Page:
|Dick Oatts. Photo credit: Hreinn Gudlaugsson/ Creative Commons|
DICK OATTS makes a very rare appearance in the UK next week. In this feature GARETH LOCKRANE explains why the Iowa-born saxophonist is such a unique figure in jazz, and why these gigs are an important occasion not to be missed. He writes:
October 26th and 27th mark a great occasion for the London jazz scene; one of my favourite musicians, the fantastic and hugely influential alto saxophonist/composer Dick Oatts is performing (for the first time I think in this country in a quartet setting) at the Pizza Express, Dean St.
I was first introduced to Dick’s playing in the 90s by London saxophonists Mike Williams, Steve Main and Paul Jones, who had clearly already been bitten by the Oatts bug and were quietly passing recordings around in their inner circle (this was the pre-internet days of course). I was hooked instantly, and would seek out as many recordings of his that I could find.
A few years later I was fortunate enough to be taught by him briefly at the Lake Placid Summer School in New York, and a more humble and encouraging figure you could not hope to find. He struck the crucial balance with me between the craft side of playing (“you’re only as good as your weakest key” has stuck with me in case I ever get complacent!) and a genuine sense of wonder and mystery in his playing; I have never heard him just reel something off and he always sounds to me like he is playing in a human, conversational, blending way, seemingly effortless in molding his particular set of skills to suit any situation or group of musicians.
His playing contains a wonderful mix of influences, a direct line from Sonny Stitt, Johnny Hodges, Cannonball, Charlie Parker and Lee Konitz; even a hint of the 70s soulful rasp of David Sanborn in his younger days, mixed with his own ever-evolving, harmonically probing sensibility. He is probably best known as the lead alto player in the Thad Jones-Mel Lewis Jazz Orchestra from the late 70s onwards, and still is holding down that role every week in the present day incarnation, the Vanguard Jazz Orchestra. His lead playing is just one aspect of his recording and performing career, but in a way he approaches this just like anything else, always sounding immediate, fresh and personal.
The most immediate influences in his playing to my ears are perhaps that of his contemporaries in the Thad/Mel band; Joe Lovano, Tom Harrell, Billy Drewes, Gary Smulyan and his lead alto predecessors, Jerome Richardson and Jerry Dodgion. Seeing Dick play at the Village Vanguard with the band a few times has had a profound impact on me!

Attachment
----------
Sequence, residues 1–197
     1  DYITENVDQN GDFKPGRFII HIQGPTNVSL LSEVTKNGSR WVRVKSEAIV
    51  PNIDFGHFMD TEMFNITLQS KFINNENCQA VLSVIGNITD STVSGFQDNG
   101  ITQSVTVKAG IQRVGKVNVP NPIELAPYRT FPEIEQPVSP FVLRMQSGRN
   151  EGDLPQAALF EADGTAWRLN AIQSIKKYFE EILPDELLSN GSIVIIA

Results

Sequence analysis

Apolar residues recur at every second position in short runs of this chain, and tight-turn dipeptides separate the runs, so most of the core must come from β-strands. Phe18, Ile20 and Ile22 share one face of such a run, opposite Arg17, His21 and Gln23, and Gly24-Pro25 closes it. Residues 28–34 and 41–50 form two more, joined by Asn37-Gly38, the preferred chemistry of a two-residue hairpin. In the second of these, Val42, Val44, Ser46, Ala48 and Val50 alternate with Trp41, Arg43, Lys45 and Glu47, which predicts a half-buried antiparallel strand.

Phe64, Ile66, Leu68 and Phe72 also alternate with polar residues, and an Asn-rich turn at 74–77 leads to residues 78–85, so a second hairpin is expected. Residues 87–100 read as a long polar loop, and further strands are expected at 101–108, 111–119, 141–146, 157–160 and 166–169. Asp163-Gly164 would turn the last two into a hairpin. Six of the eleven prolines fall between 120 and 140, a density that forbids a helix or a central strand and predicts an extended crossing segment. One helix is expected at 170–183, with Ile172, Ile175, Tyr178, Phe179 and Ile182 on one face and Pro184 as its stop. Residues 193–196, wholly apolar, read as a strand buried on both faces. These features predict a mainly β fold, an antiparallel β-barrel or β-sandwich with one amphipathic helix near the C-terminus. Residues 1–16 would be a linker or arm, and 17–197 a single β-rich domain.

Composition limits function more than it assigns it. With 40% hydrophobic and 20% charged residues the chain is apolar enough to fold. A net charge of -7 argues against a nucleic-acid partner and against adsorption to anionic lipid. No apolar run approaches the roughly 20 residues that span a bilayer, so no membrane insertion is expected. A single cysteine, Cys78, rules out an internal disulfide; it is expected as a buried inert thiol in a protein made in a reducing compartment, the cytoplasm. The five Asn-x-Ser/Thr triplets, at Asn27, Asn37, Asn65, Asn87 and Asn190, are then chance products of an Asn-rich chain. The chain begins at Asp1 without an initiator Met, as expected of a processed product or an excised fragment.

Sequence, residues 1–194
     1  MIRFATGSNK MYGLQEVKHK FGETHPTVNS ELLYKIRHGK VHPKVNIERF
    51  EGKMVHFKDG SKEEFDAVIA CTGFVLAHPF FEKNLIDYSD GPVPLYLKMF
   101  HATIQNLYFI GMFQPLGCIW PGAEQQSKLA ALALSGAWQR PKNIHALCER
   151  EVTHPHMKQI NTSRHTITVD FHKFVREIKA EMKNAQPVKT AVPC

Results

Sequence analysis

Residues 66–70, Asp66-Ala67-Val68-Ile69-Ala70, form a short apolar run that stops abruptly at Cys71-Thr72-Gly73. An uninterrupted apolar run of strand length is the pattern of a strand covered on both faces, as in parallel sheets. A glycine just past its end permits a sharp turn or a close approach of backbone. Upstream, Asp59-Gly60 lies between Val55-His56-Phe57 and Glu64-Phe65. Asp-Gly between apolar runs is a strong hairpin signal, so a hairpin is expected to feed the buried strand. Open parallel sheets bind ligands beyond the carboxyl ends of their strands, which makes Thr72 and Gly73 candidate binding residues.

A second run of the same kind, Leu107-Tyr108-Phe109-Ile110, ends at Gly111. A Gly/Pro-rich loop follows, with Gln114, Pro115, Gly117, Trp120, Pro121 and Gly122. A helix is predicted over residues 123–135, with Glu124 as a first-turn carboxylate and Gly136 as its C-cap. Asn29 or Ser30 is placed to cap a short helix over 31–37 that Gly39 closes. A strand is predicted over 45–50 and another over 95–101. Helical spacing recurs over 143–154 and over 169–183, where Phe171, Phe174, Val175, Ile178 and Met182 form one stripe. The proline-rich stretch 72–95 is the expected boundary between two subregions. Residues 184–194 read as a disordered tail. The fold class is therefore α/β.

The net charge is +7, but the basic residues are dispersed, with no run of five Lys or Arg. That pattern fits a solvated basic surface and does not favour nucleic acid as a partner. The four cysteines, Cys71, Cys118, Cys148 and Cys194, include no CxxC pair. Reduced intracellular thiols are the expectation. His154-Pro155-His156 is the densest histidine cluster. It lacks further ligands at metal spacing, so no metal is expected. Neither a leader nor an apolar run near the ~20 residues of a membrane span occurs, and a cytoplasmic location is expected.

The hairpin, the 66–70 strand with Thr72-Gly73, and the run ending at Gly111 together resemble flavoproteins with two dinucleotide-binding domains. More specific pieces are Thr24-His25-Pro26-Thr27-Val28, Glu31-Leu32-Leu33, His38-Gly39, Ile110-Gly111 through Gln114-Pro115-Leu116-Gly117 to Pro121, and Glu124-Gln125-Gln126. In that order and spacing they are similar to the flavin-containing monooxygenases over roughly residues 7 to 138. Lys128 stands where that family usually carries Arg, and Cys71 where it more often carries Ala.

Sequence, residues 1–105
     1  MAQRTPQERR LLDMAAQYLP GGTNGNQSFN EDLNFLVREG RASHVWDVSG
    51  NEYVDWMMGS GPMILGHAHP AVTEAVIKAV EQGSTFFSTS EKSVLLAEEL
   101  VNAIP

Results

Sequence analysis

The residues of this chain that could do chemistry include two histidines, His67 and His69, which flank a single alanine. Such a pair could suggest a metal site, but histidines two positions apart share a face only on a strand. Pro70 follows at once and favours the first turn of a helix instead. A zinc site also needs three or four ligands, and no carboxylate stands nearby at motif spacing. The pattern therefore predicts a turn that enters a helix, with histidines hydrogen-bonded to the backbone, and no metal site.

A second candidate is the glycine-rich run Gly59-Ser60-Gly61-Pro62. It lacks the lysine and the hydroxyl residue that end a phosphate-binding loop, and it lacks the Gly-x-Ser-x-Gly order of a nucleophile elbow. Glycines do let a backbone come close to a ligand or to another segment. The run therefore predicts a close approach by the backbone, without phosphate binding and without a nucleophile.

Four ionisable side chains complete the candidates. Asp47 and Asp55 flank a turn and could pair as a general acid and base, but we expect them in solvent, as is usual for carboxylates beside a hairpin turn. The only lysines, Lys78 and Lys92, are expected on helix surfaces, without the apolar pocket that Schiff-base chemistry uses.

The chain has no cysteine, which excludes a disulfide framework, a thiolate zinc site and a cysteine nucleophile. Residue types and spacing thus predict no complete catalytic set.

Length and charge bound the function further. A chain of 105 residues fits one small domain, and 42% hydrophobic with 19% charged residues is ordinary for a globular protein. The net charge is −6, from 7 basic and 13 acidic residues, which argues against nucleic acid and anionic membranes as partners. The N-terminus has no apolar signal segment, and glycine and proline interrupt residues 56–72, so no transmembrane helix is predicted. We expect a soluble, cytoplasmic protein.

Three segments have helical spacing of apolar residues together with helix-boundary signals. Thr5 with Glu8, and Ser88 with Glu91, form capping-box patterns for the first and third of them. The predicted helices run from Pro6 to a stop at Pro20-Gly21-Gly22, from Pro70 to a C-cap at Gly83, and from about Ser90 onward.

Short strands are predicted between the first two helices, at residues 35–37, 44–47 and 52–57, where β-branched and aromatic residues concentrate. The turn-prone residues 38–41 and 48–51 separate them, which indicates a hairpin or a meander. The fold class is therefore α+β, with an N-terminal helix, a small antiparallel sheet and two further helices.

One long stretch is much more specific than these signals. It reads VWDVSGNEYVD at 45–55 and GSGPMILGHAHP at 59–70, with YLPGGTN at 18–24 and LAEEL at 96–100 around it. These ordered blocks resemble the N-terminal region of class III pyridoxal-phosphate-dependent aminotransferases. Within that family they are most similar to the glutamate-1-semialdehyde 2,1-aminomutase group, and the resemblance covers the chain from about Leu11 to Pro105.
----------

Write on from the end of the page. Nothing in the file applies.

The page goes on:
This performance of Bob Brookmeyer’s composition “Make Me Smile” from the early 80s is beautifully crafted, effortlessly shifting the moods and colours in his sound and improvising. Note a young Kenny Garrett sitting next to him; to my ears there is a definitely an Oatts influence in Garrett’s later heroic playing!
Other key recordings I would recommend are:
– with Mel Lewis – Mellifluous with Lewis’ quintet from the late 70s with Bob Brookmeyer Bob Brookmeyer Composer & Arranger (featuring Brookmeyer’s groundbreaking arrangement of Skylark, a feature crafted around Oatts) and Soft Lights and Hot Music”
He has had some wonderful ongoing collaborations too;
– a series of records with large and small ensembles with pianist Garry Dial
– with Red Rodney’s quintet in the 80s
– with pianist Harold Danko
– locking horns recently with the great Jerry Bergonzi on the albums Saxology and Intersecting Lines.
He has also had a long fruitful recording career as a leader on Steeplechase recordings and these albums are well worth checking out, adapting his playing and composing beautifully to the different lineups on these records:
– pianoless trio (All of Three),
– quartet with Bruce Barth (Simone’s Dance)
– quintet with Gary Versace on piano and organ (Gratitude)
– pianoless quartet with trumpeter Joe Magnarelli (South Paw),
– finding subtle, personal ways through the standards on his masterful Standard Issue records.
There is a great book of Dick’s tunes from these records that you can purchase from his website (LINK) that is well worth checking out! I guarantee to all the musicians reading that there are some huge challenges in there, but as always Dick makes it all sound so natural and easy, and the tunes are instantly memorable. Like all the great composer/players, his pieces teach you how to play and give you a window into the composer’s thought processes.
One more thing; Dick is one of the most staggering ballad players I’ve ever heard – check out this beautiful Jim McNeely arrangement of In The Wee Small Hours of the Morning from the Vanguard Jazz Orchestra “Lickety Split” album. (SPOTIFY LINK).
I urge everyone to get out and see this gig! He hardly ever plays in this country on his European travels and NEVER performs as a quartet over here so it’ll be a performance to savour, with a top UK trio of Barry Green (piano) Mark Hodgson (bass ) and Stephen Keogh (drums).
18th Oct 2016